Is a work under copyright or in the public domain?
It can be a hard question to answer.
makes it easy.
Copyright status reports and legal memos.
We do the research.
You advise your clients.
Resources for and assistance with digitizing, library exceptions, patron questions, classroom materials evaluation, and more.
We created a self-published book that includes our findings on a theoretical level. You can purchase it at Amazon.
The Story of the Durationator.
For over a decade, we worked on the challenge of coding copyright law. We were successful. We could run a work through the system to determine the copyright status of a work, say in Argentina that was first published in South Africa. It was not easy. We have over 100 students work on the project. We took field trips around the world to gather laws. And we learned a lot -- we were on the cusp of thinking through how law interacted with code. And we ran into a problem: we needed data -- from Copyright Records, from publishing records, etc. -- that was not readily available. It stopped the project. We found that our commercial partner could not provide the data we needed, nor others that we worked with. And libraries wanted something that was automated, but we couldn't guarantee that the data was accurate, and that was beyond the scope of the project.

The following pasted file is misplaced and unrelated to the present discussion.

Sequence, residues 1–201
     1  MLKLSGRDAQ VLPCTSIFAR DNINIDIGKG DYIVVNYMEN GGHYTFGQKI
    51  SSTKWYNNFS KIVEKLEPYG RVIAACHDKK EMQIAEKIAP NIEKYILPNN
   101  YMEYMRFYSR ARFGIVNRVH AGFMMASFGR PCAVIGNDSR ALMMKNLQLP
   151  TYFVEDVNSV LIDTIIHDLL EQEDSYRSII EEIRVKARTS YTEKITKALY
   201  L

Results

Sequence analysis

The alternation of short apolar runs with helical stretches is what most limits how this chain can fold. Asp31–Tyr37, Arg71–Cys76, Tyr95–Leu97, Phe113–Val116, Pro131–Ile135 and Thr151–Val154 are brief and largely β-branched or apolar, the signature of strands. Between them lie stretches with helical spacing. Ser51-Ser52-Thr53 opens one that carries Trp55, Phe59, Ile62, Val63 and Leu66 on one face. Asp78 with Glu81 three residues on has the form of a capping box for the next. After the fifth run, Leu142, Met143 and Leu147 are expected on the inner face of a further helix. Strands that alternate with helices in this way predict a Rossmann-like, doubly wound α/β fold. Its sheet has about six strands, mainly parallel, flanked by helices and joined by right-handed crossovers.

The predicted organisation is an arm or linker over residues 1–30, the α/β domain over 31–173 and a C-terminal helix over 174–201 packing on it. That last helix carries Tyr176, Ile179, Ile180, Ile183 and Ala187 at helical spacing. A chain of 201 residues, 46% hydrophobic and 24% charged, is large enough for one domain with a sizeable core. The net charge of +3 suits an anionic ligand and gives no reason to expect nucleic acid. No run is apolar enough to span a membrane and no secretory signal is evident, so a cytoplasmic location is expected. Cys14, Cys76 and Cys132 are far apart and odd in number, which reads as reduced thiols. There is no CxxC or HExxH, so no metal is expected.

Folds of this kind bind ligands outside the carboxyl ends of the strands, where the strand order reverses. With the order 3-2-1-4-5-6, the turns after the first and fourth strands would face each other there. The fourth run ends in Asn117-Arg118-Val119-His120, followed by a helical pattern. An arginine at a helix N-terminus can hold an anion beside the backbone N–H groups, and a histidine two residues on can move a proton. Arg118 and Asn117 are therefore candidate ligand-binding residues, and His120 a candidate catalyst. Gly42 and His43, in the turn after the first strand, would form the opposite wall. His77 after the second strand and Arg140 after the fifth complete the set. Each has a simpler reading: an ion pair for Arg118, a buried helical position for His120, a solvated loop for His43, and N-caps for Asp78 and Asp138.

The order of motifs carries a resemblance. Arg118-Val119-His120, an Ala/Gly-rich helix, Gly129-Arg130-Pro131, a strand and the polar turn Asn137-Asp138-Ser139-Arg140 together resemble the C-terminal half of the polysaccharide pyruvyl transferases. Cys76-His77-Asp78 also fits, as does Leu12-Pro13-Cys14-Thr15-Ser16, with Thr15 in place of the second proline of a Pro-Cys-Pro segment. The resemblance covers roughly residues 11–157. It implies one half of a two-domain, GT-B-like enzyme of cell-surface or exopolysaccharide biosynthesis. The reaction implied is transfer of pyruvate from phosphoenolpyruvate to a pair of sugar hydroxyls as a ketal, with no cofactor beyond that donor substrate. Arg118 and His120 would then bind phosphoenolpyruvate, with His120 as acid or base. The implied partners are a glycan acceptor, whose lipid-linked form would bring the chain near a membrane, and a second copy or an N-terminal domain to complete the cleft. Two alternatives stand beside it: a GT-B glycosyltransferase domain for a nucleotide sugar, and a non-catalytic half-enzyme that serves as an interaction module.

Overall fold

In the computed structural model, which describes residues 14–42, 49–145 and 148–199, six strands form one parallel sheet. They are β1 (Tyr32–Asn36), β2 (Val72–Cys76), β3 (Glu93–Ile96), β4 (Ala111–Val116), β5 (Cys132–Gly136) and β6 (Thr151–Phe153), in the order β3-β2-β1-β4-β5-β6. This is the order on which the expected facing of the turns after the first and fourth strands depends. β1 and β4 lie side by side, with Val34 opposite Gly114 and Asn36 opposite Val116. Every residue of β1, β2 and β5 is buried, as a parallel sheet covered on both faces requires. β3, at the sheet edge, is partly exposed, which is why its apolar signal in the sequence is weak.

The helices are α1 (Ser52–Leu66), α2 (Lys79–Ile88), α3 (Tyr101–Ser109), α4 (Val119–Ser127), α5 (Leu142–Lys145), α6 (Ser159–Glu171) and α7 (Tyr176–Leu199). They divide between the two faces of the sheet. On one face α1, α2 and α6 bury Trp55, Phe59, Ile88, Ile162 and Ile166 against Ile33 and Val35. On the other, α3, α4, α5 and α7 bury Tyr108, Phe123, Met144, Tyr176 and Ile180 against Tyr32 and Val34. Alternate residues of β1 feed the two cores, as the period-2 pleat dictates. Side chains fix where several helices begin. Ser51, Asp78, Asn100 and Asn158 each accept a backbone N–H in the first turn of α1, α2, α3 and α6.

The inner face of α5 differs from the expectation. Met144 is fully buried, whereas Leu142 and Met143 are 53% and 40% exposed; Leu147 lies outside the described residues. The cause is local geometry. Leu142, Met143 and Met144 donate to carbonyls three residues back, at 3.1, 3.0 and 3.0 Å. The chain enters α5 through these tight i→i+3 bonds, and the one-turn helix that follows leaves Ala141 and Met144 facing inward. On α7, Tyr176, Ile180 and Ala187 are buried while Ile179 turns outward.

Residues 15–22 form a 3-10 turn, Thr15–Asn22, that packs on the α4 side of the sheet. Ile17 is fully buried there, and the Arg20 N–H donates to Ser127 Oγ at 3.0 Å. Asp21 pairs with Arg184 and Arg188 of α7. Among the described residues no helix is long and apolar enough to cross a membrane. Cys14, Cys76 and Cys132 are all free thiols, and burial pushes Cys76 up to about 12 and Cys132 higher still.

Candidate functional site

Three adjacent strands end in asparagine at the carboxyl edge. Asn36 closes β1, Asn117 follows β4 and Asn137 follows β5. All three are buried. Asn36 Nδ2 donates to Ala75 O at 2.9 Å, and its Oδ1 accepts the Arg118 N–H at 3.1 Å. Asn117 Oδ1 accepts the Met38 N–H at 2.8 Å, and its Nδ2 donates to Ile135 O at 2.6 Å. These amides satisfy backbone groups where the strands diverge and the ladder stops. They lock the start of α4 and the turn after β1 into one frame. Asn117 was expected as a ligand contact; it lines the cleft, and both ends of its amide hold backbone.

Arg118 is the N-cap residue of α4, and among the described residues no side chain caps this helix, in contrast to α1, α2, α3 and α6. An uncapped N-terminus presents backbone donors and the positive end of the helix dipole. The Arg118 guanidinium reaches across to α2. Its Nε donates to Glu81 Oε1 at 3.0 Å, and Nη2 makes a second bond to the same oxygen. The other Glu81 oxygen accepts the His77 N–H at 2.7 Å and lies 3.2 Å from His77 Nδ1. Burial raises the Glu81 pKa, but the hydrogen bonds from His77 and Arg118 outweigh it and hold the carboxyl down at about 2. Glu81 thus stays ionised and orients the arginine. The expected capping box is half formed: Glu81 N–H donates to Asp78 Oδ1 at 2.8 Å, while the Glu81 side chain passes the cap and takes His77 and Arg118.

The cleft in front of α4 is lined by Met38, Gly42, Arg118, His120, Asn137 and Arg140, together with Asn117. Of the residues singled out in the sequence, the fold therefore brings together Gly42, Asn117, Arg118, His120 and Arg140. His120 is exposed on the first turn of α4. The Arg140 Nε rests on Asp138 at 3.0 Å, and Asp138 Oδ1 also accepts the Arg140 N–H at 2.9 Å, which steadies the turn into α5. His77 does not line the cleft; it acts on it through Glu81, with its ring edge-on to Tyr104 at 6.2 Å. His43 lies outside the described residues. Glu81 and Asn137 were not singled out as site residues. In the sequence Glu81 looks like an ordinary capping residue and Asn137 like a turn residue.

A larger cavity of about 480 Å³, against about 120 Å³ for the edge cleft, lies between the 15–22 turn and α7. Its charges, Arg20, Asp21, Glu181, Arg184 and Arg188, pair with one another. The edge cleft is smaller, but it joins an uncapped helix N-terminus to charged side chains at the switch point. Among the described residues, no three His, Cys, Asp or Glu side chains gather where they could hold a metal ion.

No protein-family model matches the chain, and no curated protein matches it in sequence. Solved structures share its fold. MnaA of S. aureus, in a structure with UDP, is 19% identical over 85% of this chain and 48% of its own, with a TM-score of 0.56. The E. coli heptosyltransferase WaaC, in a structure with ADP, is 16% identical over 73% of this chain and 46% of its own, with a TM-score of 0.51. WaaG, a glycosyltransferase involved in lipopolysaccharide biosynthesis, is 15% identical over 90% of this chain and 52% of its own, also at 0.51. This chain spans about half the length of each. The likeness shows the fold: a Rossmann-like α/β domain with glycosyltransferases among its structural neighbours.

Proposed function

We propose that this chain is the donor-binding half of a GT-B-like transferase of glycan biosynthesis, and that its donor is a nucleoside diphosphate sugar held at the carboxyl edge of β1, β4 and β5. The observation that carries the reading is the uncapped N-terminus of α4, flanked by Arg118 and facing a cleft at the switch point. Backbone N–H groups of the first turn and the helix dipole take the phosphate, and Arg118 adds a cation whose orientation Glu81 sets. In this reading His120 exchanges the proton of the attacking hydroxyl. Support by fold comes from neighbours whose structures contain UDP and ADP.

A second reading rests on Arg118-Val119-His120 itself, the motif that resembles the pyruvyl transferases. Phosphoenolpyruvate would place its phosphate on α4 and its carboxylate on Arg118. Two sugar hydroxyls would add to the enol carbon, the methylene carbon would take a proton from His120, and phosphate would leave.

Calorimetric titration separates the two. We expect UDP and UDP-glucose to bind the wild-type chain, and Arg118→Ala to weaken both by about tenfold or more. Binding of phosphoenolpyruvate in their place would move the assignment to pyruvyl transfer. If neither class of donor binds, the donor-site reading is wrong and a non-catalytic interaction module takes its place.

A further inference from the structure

But we learned a lot. And that's in the book above. We still do reports -- we use our own tools as a starting point. But in the end, we just couldn't be responsible for data that would lead to inaccurate results.
We are still engaged with Durationator -- and we still have institutions and individuals that we work with. But the dream of automation, at least for now, is on hold, as accurate data catches up to what we created.